A wide range of scale additives is available which can be highly effective when selected appropriately. Depending the nature of the well  and the operational conditions, a specific chemistry is recommended or blends of products are used to address scale deposition.

Another challenge encountered with oil from tight shale formations- many of which have been identified but undeveloped - is the general lack of transportation infrastructure. Rapid distribution of the crude oil to the refineries is necessary to maintain consistent refinery throughput- a necessary aspect of refinery design. 

Finally, the properties of tight oil are highly variable. Density and other properties can show wide variation, even within the same field. The Bakken crude is light and sweet with an API of 42 degrees and a sulfur content of 0.19% w/w. Similarly, Eagle Ford is a light sweet feed, with a sulfur content of approximately 0.1% w/w and with published API gravity between 40 and 62 degrees API.

Paraffin waxes are present in tight oil and remain on the walls of railcars, tank walls, and piping. The waxes are also known to foul the preheat sections of crude heat exchanger (before they are removed in the crude desalter). Paraffin waxes that stick to piping and vessel walls can trap amines against the wall which can create localized corrosion. 

 In many refineries, blending two or more crude oils as the refinery feedstock is now standard operating procedure which allows the refiner to achieve the right balance of feedstock qualities. However, the blending of the different crue oils may cause problems if the crude oils being mixed are incompatible (Speight,2014a). When crude oils are incompatible, there is increased deposition of the asphaltene constituents (Speight,2014a) which accelerates fouling in the heat exchanger train downstream of the crude desalter.

Thursday, September 26, 2019

Tight Oil Chapter 4

Success in extracting crude oil and natural gas from shale reservoirs depends largely on the hydraulic fracturing process (Speight, 2016b) that requires an understanding of the mechanical properties of the subject and confining formaitons. In hydraulic-fracturing design, Young's modulus is a criterion used to determine the most-appropriate fracturing fluid and other design considerations. Young's modulus provides an indication of the fracture conductivity that can be expected under the width and embedment considerations. Without adequate fracture conductivity, production from the hydraulic fracture will be minimal or nonexistent (Akrad et al., 2011). 

Typical of the crude oil from tight formations (tight oil- tight light oil and tight shale oil have been suggested as alternate terms) is the Bakken crude oil which is a light highly volatile crude oil. Briefly, Bakken crude oil is a light sweet (low-sulfur) crude oil that has a relatively high proportion of volatile constituents. The production of the oil also yields a significant amount of volatile gases (including propane and butane) and low-boiling liquids (such as pentane and natural gasoline), which are often referred to collectively as (low boiling or light) naphtha.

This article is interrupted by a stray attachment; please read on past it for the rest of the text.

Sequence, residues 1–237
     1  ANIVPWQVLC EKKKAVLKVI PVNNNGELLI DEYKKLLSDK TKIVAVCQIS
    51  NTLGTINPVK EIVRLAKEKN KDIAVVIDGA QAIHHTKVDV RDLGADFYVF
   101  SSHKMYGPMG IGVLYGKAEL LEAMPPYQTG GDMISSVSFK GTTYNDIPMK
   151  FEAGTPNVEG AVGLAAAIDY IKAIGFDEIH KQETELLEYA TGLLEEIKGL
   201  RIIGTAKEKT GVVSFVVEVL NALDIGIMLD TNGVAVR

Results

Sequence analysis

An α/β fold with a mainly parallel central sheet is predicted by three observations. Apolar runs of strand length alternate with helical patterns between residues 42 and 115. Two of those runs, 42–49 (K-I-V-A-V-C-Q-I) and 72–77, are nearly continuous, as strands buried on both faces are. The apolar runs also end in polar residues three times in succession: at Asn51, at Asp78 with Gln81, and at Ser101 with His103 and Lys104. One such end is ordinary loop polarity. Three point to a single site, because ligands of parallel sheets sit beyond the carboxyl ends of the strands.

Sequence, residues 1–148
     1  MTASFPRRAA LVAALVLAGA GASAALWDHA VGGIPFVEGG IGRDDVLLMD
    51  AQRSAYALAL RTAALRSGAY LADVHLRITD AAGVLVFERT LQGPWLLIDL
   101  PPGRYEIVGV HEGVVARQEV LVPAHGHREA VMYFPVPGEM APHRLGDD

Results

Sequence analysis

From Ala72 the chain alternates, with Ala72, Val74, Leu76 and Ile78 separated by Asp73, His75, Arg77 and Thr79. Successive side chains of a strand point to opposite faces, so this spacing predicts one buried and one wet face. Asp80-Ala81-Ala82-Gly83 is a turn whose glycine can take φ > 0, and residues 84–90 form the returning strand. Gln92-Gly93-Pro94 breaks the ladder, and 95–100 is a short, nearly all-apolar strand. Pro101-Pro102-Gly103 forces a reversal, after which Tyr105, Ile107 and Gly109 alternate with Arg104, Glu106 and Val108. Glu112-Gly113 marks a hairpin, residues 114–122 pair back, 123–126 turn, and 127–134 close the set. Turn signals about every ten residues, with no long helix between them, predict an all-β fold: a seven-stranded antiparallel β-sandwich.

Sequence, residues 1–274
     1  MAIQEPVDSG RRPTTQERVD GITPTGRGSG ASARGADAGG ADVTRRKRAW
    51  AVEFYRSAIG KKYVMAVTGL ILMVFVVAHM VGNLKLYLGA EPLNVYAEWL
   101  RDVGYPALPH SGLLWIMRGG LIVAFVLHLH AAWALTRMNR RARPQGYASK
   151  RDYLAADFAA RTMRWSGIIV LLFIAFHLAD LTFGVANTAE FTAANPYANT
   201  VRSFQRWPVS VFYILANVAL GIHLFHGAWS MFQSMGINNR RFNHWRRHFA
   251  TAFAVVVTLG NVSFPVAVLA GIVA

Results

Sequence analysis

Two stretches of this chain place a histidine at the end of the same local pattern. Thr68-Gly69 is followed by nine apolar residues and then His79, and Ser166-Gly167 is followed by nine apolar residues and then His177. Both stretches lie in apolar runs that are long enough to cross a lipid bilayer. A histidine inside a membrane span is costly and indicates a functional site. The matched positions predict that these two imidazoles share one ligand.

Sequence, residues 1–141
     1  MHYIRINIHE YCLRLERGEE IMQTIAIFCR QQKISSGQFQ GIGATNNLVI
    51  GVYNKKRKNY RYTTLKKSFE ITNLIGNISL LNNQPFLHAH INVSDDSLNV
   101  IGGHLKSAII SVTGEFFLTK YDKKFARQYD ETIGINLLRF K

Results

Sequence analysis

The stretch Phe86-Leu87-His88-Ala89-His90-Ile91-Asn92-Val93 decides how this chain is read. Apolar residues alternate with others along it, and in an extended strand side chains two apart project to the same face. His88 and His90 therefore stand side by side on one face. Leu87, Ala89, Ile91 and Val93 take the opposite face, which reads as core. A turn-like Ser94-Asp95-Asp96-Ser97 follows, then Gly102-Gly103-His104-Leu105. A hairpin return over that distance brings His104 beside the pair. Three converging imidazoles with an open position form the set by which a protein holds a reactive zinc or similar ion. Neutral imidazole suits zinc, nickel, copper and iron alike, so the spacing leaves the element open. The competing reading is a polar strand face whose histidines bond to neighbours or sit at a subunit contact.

By definition, natural gasoline (sometime also referred to as gas condensate) is a mixture of low-boiling liquid hydrocarbons isolate from crude oil and natural gas wells suitable for blending with light naphtha (light naphtha) can become extremely explosive, even at relatively low ambient-temperatures. 

Some of these gases may be burned off (flared) at the field well-head, but others remain in the liquid products extracted from the well (Speight, 2014a).

Bakken crude oil is considered to be a low-sulfur (sweet) crude oil and there have been increasing observations of elevated levels of hydrogen sulfide (H2S) in the oil. Hydrogen sulfide is a toxic, highly flammable, corrosive, explosive gas (hydrogen sulfide) and there have been increasing observations of elevated levels of hydrogen sulfide in Bakken oil. Thus, the liquids stream produced from the Bakken formation will include the crude oil, the low-boiling liquids, and gases that were not flared, along with the materials and byproducts of the hydraulic-fracturing process. 

Tuesday, September 24, 2019

Tight Oil Chapter 3

The most notable tight oil plays in North America include the Bakken shale, the Niobrara formation, the Barnett shale, the Eagle Ford shale, and the Miocene Monterey play of California's San Joaquin Basin in the United States, and the Cardium play in Alberta. In many of these tight formations, the existence of large quantities of oil has been known for decades and efforts to commercially produce those resources have occured sporadically with typically disappointing results. However, starting in the mid-2000s, advancements in well-drilling and stimulation technologies combined with high oil prices have turned tight oil resources into one of the most actively explored and produced targets in North America. 

Furthermore, of the tight oil plays, perhaps the best understood is the Bakken which straddles the border between Canada and the United States in North Dakota, Montana, and Saskatchewan. Much of what is known about the exploitation of tight oil resources comes from industry experiences in the Bakken and the prediction of future tight oil resource development described in this study are largely based on that knowledge. The Bakken tight oil play historically  includes three zones, or members, within the Bakken Formation.